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Mighty Mahler

The San Jose Symphony roars to its season finale

By Philip Collins

GUSTAV MAHLER'S metamusical ponderings about death and transfiguration brought San Jose Symphony's season to a inspired close Friday night. The composer's Symphony no. 2 in C minor (Resurrection) is a work of daunting dimensions and resources. Lasting roughly an hour and 20 minutes, and using soprano and mezzo-soprano soloists, choir and an amended orchestra that rivals a small town's population, the work packs a walloping impact.

The stage at the San Jose Center for the Performing Arts barely fit everyone, which is not the reason why there were offstage brass and percussion players--the composer indicated those specifically in the score. Mahler, anticipating later experiments in spatiality, depicted different dimensions of the afterlife by placing groups of performers in various backstage locations. The effects came off stunningly; the offstage playing was gauged strategically to the orchestra's dynamics and in perfect sync.

Mahler attempted to capture the vastness of time, space and divinity within the parameters of symphonic form in Resurrection. It is a strenuous enterprise to pull off, and the orchestra mustered commensurate wherewithal under Leonid Grin's baton. There were mountain ranges of emotional peaks and moments so delicate that one could almost hear water evaporating in the nearby Guadalupe River.

The work brought out the best from the orchestra, and the audience roared back in turn with the longest standing ovation I have witnessed in recent years at the symphony. The response may have been partly due to the fact that it was also Grin's 50th birthday as well as the completion of his fifth season with the symphony. Regardless, the applause was earned. Grin led an authoritative rendering of the work, simpatico with its expressive course, if not always keen to its nuances.

Soprano Anne-Lise Berntsen and mezzo-soprano Päivi Nisula were exemplary and well paired in the symphony's final two movements, and the combined forces of San Jose State University's Chorale and Concert Choir lavished the finale with radiance.

Mahler composed his second symphony as a kind of sequel to the first, the Titan. Whereas the program of Symphony no. 1 concludes with the hero's death, the second begins with his funeral. Movements two and three of the Resurrection are recollections and reflections of mortality before moving on to the stage of resurrection, which occurs in the fifth and final movement.

It is interesting that a 34-year-old composer, with seven symphonies still to come, would undertake so grand a philosophic tome. One would think that such a project would be more suitable to a person in his autumnal years. Call it spiritual precociousness.

A prominent conducting career--chiefly in opera--was another contributing factor in Mahler's cosmological approach to composing for orchestra. The Resurrection, like most of his symphonies, is akin to opera in its dramatic interplay of elements. Instead of characters, however, there are musical identities of strongly contrasting nature.

Folk tunes and liturgical quotes, as well as an instrumental setting of one of Mahler's own "Wunderhorn" songs, are cast into dynamic scenarios by which the composer metaphorically evokes the inner struggles of mankind. Behold the psycho-symphony.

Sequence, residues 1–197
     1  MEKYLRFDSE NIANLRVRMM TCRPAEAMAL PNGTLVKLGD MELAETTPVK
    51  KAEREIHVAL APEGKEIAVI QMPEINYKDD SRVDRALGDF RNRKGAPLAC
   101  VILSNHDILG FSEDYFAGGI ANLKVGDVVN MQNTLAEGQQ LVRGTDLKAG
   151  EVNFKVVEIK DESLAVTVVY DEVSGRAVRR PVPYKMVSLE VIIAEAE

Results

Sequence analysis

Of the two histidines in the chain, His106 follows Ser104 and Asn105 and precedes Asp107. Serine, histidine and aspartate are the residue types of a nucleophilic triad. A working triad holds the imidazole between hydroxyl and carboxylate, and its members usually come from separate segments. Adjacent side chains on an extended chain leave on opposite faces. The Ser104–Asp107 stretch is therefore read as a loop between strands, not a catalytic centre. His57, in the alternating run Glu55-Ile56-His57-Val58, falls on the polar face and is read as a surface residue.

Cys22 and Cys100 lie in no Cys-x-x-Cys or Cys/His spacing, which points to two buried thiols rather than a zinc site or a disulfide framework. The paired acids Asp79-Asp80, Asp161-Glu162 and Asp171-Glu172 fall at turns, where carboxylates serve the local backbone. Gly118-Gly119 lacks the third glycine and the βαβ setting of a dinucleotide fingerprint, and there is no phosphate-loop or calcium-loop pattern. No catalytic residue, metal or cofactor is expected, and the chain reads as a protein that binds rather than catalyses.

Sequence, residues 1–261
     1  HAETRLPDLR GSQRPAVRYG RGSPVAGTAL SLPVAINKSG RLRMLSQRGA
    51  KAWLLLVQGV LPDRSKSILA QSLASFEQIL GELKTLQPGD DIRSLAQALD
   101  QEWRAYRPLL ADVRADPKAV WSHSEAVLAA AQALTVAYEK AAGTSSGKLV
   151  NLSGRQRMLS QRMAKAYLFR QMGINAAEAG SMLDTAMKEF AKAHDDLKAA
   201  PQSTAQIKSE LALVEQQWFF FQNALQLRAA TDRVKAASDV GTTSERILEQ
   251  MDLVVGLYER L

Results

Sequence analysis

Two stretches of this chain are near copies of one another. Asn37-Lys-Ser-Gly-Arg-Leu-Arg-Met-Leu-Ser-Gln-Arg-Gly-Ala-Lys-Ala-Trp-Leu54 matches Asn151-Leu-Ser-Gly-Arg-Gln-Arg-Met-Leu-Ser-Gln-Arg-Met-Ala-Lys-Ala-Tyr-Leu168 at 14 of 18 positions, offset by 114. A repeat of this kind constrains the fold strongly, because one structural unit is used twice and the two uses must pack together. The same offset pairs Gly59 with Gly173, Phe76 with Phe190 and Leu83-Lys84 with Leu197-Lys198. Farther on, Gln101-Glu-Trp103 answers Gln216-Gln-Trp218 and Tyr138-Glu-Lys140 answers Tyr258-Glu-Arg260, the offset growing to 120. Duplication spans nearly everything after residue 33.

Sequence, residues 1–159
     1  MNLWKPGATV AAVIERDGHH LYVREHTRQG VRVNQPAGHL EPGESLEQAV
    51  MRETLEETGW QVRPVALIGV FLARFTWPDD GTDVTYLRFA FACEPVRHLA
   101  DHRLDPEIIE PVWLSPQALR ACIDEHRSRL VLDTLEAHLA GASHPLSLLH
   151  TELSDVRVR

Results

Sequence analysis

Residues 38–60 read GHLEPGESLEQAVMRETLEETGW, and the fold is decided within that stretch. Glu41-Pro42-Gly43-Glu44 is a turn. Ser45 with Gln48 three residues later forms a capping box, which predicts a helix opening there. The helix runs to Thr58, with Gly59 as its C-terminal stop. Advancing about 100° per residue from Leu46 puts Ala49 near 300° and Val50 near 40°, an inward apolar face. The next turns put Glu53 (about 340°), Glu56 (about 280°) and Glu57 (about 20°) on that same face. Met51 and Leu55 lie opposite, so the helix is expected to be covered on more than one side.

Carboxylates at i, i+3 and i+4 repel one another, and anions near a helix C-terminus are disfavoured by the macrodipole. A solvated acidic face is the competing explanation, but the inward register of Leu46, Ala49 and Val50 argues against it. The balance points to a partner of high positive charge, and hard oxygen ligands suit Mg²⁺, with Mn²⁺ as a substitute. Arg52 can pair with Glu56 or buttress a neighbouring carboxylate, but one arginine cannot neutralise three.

Mahler made his dramas all the more vivid through exhaustive use of dynamism. In addition to the incorporation of offstage playing, bold contrasts are frequent in the second symphony, and the role of silence is especially significant. Gradual crescendos out of nothingness, by the mezzo-soprano at the outset of the fourth movement and with the chorus' first entry in the fifth, are clearly theatrical devices in the context of the work's predominant effusiveness.

Friday's performance made the most of such dramatic moments. Grin was at his most unerring, though unduly histrionic as well. His two soloists needed neither prodding nor cues; they delivered their passages with poise and accuracy, never diverting from fixed glazes forward.

Nisula's ushering in of the fourth movement, "Urlicht" (Primal Light), was like a beam being born, and her slow gait downstage enlarged the build. Berntsen's flutelike instrument was rapturous to behold, though sometimes it got swallowed by the chorus's oceanic textures. The choir also championed its quieter episodes. Its performance of the a capella setting of "To bloom again you are sown!" exactingly accounted for the passage's formidable harmonic twists as well as its delicate tenor.

From the opening measures, it was clear that the strings had the bases covered. The celli were solid yet limber, and their coordination with the basses was unusually snug. The violins and violas were in top form also. The woodwinds paled in consort, yet some fine solo work was served up by the principals. From the upper tier, timpanist Robert J. Erlebach Jr. performed a grand show with finely shaped rolls that mirrored the orchestra's phrasing impeccably.

The list of credits exceeds the available space by many column inches, but suffice it to say that the San Jose Symphony went out with a roar.

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From the June 12-18, 1997 issue of Metro.

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